Prior to Oracle8, there were very few tuning options for the buffer cache other than assigning buffers using the db_block_buffer parameter. In most cases, the (LRU) least-recently-used algorithm governing the buffer cache worked quite well,
and no other tuning was required. However, certain data access patterns have been identified that could benefit from alternative buffer aging algorithms. Starting with Oracle 8 and later, the DBMS allowed the buffer cache to be divided into up to three separate buffer pools to accommodate multiple cache management strategies and assignment of objects to specific buffer pools.
The RECYCLE pool
The RECYCLE pool was created to hold blocks from tables that are accessed randomly and seldom re-read by Oracle.
For These types of tables, the blocks will not have a high re-use rate. However, in Oracle7, these blocks could age-out other blocks that are re-read frequently. The Oracle RECYCLE buffer pool is specifically designed to provide working sets of buffers that can be rapidly aged out of the cache.
By isolating blocks from large, randomly accessed tables away from the rest of the buffer cache the RECYCLE pool relieves the pressure these blocks can place on the LRU list. This allows buffers from other objects to age less quickly and increases
the chances of subsequent cache hits.
The RECYCLE pool can also be used to place a restriction on the number of buffers any particular table or index can consume in the buffer cache. Since blocks from objects assigned to the RECYCLE pool will not likely be needed again soon, the pool itself can often be far smaller than the number of buffers these objects would occupy in the DEFAULT pool.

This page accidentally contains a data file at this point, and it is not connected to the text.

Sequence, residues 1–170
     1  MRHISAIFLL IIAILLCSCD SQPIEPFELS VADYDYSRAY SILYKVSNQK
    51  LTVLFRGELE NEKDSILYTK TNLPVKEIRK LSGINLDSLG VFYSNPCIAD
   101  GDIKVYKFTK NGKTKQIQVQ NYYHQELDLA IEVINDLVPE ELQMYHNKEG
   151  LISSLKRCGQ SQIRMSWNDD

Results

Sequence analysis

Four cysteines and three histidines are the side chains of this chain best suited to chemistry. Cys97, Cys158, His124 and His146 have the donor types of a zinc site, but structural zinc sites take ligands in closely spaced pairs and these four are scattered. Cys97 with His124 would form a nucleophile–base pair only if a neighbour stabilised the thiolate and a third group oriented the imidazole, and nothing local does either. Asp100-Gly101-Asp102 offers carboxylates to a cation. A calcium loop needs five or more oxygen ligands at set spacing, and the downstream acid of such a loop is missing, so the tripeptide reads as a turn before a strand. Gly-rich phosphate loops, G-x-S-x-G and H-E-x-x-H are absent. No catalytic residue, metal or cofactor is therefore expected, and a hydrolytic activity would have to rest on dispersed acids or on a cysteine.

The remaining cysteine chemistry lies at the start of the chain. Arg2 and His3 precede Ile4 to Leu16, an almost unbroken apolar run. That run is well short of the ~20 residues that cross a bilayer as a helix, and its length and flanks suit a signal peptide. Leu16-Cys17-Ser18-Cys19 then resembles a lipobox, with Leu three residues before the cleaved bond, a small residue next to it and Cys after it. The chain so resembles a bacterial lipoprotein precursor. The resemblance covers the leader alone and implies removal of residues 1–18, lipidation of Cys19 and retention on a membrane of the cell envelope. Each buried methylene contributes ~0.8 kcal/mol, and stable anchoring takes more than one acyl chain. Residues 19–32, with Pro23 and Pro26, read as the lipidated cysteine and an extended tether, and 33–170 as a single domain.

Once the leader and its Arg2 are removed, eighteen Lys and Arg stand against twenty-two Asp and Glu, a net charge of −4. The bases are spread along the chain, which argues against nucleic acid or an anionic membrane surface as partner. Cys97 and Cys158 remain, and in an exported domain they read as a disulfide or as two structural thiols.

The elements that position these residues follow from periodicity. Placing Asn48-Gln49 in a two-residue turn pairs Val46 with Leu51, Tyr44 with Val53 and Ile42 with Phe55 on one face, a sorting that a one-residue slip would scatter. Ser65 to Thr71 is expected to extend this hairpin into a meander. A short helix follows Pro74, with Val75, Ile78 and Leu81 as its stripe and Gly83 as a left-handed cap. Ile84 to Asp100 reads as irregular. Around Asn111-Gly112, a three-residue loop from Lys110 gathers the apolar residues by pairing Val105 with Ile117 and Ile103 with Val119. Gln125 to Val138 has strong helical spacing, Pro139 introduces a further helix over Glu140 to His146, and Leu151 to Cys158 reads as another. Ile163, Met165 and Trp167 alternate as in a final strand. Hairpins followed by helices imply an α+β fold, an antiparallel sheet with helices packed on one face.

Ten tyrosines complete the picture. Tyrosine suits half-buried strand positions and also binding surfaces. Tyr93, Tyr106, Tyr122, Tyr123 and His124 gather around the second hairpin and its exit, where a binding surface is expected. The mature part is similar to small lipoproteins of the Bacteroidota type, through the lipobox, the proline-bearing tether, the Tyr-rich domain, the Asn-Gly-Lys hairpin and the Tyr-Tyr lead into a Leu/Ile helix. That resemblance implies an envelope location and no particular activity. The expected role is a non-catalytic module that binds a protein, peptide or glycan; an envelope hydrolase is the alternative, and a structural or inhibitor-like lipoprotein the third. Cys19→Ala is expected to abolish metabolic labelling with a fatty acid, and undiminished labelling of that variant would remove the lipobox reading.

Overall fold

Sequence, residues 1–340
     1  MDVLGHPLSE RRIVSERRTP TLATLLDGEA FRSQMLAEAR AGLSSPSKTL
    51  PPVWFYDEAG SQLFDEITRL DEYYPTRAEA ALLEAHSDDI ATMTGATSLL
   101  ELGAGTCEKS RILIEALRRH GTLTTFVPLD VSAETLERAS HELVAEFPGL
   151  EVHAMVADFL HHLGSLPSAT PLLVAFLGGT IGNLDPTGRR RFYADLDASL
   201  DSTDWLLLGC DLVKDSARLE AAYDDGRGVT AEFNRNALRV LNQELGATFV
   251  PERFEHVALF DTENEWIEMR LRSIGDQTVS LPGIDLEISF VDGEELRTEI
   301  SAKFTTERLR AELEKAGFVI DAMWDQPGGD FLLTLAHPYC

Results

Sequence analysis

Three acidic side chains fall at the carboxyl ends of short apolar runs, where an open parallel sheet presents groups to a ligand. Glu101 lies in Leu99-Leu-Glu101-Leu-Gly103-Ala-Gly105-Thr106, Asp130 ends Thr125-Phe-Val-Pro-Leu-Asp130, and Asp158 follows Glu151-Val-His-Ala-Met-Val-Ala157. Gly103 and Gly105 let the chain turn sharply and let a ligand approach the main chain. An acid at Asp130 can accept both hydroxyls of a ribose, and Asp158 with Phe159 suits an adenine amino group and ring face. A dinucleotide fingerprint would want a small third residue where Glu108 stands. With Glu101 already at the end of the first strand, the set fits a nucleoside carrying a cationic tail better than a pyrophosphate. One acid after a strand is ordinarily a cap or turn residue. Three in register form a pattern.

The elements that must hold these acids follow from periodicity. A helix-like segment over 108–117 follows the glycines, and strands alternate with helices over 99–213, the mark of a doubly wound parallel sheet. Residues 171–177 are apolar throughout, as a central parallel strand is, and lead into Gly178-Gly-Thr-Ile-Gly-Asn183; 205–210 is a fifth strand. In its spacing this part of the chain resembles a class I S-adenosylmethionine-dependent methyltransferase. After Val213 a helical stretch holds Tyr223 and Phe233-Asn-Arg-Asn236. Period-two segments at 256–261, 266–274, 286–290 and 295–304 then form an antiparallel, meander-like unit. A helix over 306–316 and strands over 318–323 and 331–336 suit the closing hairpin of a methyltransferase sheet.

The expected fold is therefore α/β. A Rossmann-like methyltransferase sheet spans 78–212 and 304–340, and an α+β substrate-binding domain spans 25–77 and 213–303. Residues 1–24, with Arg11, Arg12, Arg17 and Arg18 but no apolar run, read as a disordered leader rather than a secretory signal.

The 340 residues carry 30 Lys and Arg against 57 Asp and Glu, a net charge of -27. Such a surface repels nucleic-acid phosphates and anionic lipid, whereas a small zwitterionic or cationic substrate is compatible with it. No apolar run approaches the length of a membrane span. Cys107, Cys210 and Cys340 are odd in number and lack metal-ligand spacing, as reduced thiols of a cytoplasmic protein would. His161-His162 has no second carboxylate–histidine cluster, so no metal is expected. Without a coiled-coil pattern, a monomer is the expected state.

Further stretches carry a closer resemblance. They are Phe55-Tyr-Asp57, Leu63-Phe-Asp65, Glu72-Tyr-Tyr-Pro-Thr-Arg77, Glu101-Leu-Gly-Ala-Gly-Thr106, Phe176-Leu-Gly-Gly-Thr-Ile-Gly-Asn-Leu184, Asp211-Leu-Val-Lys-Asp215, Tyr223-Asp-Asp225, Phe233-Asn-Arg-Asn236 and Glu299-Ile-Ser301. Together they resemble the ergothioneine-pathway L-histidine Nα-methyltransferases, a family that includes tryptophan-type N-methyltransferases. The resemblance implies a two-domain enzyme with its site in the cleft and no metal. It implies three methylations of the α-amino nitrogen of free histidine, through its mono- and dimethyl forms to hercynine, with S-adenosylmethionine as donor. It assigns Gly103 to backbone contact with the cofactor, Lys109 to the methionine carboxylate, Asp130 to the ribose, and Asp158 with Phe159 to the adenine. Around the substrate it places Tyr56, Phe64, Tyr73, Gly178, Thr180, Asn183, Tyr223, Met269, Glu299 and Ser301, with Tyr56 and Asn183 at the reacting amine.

This results in more memory available for the other pools, increasing their efficiency.
The KEEP pool
The KEEP pool acknowledges that there are some Oracle tables whose blocks would be better off if they aged slower (or not at all) out of the cache. The Oracle KEEP pool allows objects to be effectively pinned into the buffer cache and excluded from the LRU aging process. The KEEP pool is used to ensure the presence of buffers in the cache regardless of when they were last accessed.
This feature should be used carefully, though, as pinning infrequently used objects into the pool can be a waste of memory.
Legacy Note: In Oracle7 the KEEP pool can be simulated with the ALTER TABLE xxx CACHE; command. This will keep the specified table in the most recently used end of the data buffer.
The DEFAULT pool
The DEFAULT pool is used by Oracle for all objects that are not explicitly assigned to one of the other pools.
There is always a DEFAULT pool and it will most likely be the largest of the pools under normal circumstances. When the RECYCLE and KEEP pools are not configured, the DEFAULT buffer pool operates the same as the Oracle7 buffer cache.
In the next lesson, we will look at configuring multiple buffer pools.